Proving the existence of moral harassment in court is, however, difficult when there are no written records. However, victims have difficulty finding colleagues who agree to provide them with certificates. And “When an employee concludes a transactional agreement with these companies, he systematically signs a confidentiality agreement aimed at not making a certificate for another employee.continues Master Cabana-Draut.
“It was very violent”
Unlike mid-range brands, such as Camaïeu or Kookaï, which have lost thousands of jobs in France over the past ten years, luxury fashion houses enjoy very good financial health. Thanks to giants such as LVMH, Kering, Chanel and Hermès, the sector generates 150 billion euros in turnover and accounts for almost 2.5% of French GDP. However, jobs there can be very precarious.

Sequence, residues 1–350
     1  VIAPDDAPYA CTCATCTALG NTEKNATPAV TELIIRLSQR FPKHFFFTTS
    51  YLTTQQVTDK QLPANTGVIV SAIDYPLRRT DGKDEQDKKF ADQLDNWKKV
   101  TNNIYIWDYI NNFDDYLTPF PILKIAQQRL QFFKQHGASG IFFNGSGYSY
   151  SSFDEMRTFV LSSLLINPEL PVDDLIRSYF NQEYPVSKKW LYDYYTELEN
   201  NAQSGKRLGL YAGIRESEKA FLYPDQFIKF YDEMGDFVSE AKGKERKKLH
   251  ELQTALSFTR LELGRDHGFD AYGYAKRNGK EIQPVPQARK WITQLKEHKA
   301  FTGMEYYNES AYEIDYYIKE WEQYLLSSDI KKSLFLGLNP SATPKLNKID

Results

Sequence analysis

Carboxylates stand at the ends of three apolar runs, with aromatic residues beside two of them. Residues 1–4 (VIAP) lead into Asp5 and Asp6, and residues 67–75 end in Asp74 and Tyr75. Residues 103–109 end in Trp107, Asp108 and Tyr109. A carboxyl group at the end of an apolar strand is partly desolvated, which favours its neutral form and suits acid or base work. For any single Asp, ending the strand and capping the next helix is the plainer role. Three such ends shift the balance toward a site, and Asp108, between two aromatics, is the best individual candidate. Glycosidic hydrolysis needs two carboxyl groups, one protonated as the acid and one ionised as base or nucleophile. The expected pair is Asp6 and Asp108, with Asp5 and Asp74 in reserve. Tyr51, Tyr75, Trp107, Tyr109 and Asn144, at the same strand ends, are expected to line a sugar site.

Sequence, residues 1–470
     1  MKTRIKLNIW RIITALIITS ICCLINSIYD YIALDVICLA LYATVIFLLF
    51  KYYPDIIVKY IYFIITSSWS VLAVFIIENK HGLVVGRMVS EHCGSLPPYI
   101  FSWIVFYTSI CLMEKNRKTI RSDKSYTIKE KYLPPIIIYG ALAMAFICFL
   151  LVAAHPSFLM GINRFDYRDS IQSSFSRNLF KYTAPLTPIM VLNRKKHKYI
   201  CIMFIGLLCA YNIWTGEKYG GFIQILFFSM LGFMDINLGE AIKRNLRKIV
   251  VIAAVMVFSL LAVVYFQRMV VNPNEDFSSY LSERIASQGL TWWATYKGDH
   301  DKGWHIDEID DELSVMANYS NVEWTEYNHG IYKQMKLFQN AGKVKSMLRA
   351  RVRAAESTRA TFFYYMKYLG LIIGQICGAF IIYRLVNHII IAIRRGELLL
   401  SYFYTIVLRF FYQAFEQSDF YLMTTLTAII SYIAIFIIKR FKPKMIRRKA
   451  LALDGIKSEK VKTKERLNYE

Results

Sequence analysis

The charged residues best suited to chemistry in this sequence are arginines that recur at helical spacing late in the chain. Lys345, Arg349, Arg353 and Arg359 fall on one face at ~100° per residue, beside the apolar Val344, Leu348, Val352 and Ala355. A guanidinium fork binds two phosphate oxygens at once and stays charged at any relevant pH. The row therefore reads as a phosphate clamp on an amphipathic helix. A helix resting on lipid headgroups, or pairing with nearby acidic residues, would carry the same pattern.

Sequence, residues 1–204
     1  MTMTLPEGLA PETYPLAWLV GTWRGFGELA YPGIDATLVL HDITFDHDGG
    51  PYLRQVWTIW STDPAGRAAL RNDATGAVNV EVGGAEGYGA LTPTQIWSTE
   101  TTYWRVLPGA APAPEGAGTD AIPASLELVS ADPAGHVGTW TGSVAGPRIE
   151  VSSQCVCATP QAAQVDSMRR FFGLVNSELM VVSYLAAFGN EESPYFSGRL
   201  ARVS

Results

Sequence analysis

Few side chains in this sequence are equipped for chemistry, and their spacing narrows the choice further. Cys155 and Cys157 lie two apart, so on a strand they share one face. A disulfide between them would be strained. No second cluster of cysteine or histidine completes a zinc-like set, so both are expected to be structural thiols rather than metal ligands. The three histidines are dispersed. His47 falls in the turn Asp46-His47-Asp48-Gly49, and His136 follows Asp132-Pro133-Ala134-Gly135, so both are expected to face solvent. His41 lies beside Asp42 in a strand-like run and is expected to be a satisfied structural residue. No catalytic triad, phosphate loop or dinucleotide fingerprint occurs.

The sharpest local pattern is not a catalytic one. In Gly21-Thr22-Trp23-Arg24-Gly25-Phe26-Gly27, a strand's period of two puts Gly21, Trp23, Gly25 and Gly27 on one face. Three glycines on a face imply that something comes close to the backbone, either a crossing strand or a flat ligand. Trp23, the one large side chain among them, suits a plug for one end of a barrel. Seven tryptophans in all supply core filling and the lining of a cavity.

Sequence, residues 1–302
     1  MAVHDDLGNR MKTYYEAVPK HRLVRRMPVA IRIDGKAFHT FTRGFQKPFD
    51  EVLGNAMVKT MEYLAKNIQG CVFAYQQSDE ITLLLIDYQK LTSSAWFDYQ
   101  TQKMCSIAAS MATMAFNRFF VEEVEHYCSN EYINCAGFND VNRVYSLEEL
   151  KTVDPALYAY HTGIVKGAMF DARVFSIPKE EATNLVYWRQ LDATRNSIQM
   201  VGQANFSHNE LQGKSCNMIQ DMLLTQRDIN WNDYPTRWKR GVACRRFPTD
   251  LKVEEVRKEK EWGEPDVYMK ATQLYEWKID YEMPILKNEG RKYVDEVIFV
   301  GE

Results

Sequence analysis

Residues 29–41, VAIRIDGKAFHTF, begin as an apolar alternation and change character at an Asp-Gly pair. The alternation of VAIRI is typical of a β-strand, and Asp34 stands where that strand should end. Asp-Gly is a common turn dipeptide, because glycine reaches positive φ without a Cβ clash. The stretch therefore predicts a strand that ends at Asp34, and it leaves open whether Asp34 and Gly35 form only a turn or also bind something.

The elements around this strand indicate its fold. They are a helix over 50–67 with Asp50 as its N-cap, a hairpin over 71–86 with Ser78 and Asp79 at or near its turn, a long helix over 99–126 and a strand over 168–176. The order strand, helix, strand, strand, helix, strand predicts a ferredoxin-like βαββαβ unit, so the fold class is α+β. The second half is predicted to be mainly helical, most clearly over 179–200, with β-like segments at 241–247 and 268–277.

“Just two days after the lockdown was put in place, I received a letter from a lawyer telling me that the company I had worked for for five years as artistic director was terminating my contractsays Christine Phung, fashion designer at the time at Léonard. I felt incredibly let down. It was very violent.”
Another telling example: in 2016, Saint Laurent’s Instagram account deleted all the photos of Hedi Slimane, its former artistic director who had just been replaced by Anthony Vaccarello. As if his work had never existed even though he directed the creation for four years. “French fashion claims to be art, but it remains an industry, recalls Jean-Noël Kapferer, professor emeritus at HEC and consultant in the luxury sector. Above the artistic director, there is the shareholder. If it doesn’t work, we’ll fire you.”